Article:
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Iowa House passes eminent domain bill for pipelines


Iowa House passes eminent domain bill for pipelines

Mar 28, 2024 | 5:02 pm ET
By Jared Strong
Iowa House passes eminent domain bill for pipelines
Pipeline opponents attend a rally Jan. 10, 2024 at the Iowa Capitol. (Photo by Kathie Obradovich/Iowa Capital Dispatch)

A bill approved by the Iowa House on Thursday would allow landowners who are subject to eminent domain requests by carbon dioxide pipeline companies to challenge the legitimacy of those requests in court earlier in the permit proceedings.

House File 2664 was approved by a bipartisan, 86-7 vote. Its future in the Senate is unclear.

It is the latest attempt by the House to aid landowners who object to Summit Carbon Solutions’ proposed use of eminent domain to build a sprawling pipeline system that would transport captured carbon dioxide from 30 ethanol plants in Iowa to North Dakota for underground storage.

If the Iowa Utilities Board grants the company’s request, landowners who have refused to negotiate easements for the project voluntarily would have to give up the land use at a price set by a government board.

A bill the House adopted last year would have required Summit to obtain voluntary land easements for 90% of its route before being eligible for eminent domain. The Senate did not take it up.

The new bill the House approved Thursday would not, itself, limit eminent domain for the pipeline projects. It is meant to expedite a court decision about whether eminent domain is allowable — a decision that under current rules might come many months after state regulators issue a permit.

The bill would allow court challenges before permits are issued, at the request of affected landowners or the companies that propose the projects.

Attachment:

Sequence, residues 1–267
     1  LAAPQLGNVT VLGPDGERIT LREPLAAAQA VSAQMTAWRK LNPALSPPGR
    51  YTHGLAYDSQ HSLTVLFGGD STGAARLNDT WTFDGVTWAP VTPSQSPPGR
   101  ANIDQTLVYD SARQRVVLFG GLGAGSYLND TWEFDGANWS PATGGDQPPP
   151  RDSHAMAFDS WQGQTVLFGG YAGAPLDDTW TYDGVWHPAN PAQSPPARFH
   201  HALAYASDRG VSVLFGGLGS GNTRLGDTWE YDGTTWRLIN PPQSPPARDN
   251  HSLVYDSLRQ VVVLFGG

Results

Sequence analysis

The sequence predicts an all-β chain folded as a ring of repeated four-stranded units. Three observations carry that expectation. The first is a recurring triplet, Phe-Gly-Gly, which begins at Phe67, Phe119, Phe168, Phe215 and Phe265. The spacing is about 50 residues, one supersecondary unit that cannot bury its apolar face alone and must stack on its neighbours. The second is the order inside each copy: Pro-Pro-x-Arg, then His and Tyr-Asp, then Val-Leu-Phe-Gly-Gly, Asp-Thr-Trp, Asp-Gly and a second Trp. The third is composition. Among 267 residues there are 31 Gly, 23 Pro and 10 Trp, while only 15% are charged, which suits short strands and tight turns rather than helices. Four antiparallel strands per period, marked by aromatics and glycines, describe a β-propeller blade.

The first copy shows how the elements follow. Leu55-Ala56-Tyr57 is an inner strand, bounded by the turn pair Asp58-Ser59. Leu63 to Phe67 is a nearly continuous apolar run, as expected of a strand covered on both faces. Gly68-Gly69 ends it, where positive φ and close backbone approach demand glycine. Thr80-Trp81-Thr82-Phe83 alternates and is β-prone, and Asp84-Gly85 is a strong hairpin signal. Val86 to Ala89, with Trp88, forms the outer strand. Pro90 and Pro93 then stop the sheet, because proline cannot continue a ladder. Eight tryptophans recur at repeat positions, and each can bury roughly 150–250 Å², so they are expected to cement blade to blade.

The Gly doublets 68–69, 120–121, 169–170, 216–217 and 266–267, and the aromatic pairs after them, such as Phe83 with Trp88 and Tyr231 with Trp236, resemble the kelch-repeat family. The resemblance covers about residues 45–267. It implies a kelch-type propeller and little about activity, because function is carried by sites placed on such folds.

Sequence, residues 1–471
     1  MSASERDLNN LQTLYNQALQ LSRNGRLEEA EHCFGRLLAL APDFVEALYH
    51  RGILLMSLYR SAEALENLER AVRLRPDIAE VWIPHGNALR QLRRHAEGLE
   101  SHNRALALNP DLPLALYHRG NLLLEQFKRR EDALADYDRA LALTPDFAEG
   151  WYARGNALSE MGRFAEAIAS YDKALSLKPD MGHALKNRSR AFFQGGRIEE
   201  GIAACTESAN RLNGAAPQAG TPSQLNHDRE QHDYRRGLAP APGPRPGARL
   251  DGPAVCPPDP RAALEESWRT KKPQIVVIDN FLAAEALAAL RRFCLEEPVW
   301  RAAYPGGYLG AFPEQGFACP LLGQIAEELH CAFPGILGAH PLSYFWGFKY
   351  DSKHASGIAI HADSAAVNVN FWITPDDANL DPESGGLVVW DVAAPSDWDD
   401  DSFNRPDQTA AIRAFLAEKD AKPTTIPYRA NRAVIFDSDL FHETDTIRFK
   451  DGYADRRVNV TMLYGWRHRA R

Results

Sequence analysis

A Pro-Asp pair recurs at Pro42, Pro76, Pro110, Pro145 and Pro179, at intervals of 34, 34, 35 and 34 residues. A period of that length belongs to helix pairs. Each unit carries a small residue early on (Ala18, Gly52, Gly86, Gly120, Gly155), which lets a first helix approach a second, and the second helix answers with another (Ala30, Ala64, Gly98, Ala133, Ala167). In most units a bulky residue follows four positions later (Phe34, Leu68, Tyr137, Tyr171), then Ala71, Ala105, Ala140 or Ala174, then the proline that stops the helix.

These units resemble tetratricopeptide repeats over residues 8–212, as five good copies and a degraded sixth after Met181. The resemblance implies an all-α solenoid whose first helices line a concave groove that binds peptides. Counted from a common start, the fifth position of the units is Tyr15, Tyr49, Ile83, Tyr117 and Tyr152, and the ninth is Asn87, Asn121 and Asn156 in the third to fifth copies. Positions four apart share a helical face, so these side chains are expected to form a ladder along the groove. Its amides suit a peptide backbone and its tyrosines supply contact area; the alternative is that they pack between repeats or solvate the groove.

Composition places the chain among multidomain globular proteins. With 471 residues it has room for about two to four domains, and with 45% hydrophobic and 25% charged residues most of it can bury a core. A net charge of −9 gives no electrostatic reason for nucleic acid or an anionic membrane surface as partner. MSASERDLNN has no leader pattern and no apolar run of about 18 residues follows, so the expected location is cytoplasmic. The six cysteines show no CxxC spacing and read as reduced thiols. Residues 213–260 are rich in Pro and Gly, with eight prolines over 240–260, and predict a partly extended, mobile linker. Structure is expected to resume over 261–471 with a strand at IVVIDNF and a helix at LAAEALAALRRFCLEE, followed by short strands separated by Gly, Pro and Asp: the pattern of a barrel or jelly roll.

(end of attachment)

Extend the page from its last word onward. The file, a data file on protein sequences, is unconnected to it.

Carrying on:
“For that entire period, you have the century farms, landowners, people who didn’t especially want to have this pipeline going over their land and have some questions about it, not being able to get an answer on their constitutional law question and not being able to sell their land at full value or make a decision on tiling or make a decision on estate planning for all that period of time,” said Rep. Charley Thomson, R-Charles City, who is an attorney and managed the bill. “This bill corrects that.”

Summit began its pipeline permit process with the Iowa Utilities Board in August 2021. A year later in August 2022, it began notifying the board of properties that might be subject to its eminent domain requests. Now, about 19 months later, the board is poised to decide those requests, which represent about a quarter of its initial route in Iowa.

The board has declined say whether Summit’s project benefits the public in a way that makes it eligible for eminent domain.

“This legislation simply allows both landowners and companies the opportunity to have a declaratory judgment up front on the constitutionality of an eminent domain request, before precious time and money are wasted,” said Rep. Steven Holt, R-Denison, who has been a leading voice against eminent domain for carbon dioxide pipelines. “This legislation would allow landowners a little peace of mind, getting to know up front the validity of an eminent domain request so that they could plan accordingly, as opposed to waiting and fighting for years, their land in limbo, their futures in doubt, their lives full of tension and fear, while they plead with their elected officials to hear them.”

The legislation is opposed by Summit, the Iowa Renewable Fuels Association and several biofuels companies, according to lobbyist declarations. The Iowa Farm Bureau Federation did not declare its opposition or support.

Seven House Republicans voted against the bill: Michael Bergan of Decorah, Tom Determann of Clinton, Chad Ingels of Randalia, Brian Lohse of Bondurant, Norlin Mommsen of DeWitt, Matt Rinker of Burlington, and David Sieck of Glenwood.

The scope of Summit’s project has expanded in recent months after another company, Navigator CO2, abandoned a similar proposal. That has led Summit to ink agreements with most of the ethanol plants that had intended to connect to the Navigator system.

Summit’s proposal has grown to about 2,500 miles of pipe in five states to transport carbon dioxide from 57 ethanol plants. The company was initially denied permits by state regulators in the Dakotas, but North Dakota is reconsidering a modified plan. Summit has said it will reapply in South Dakota with a different route.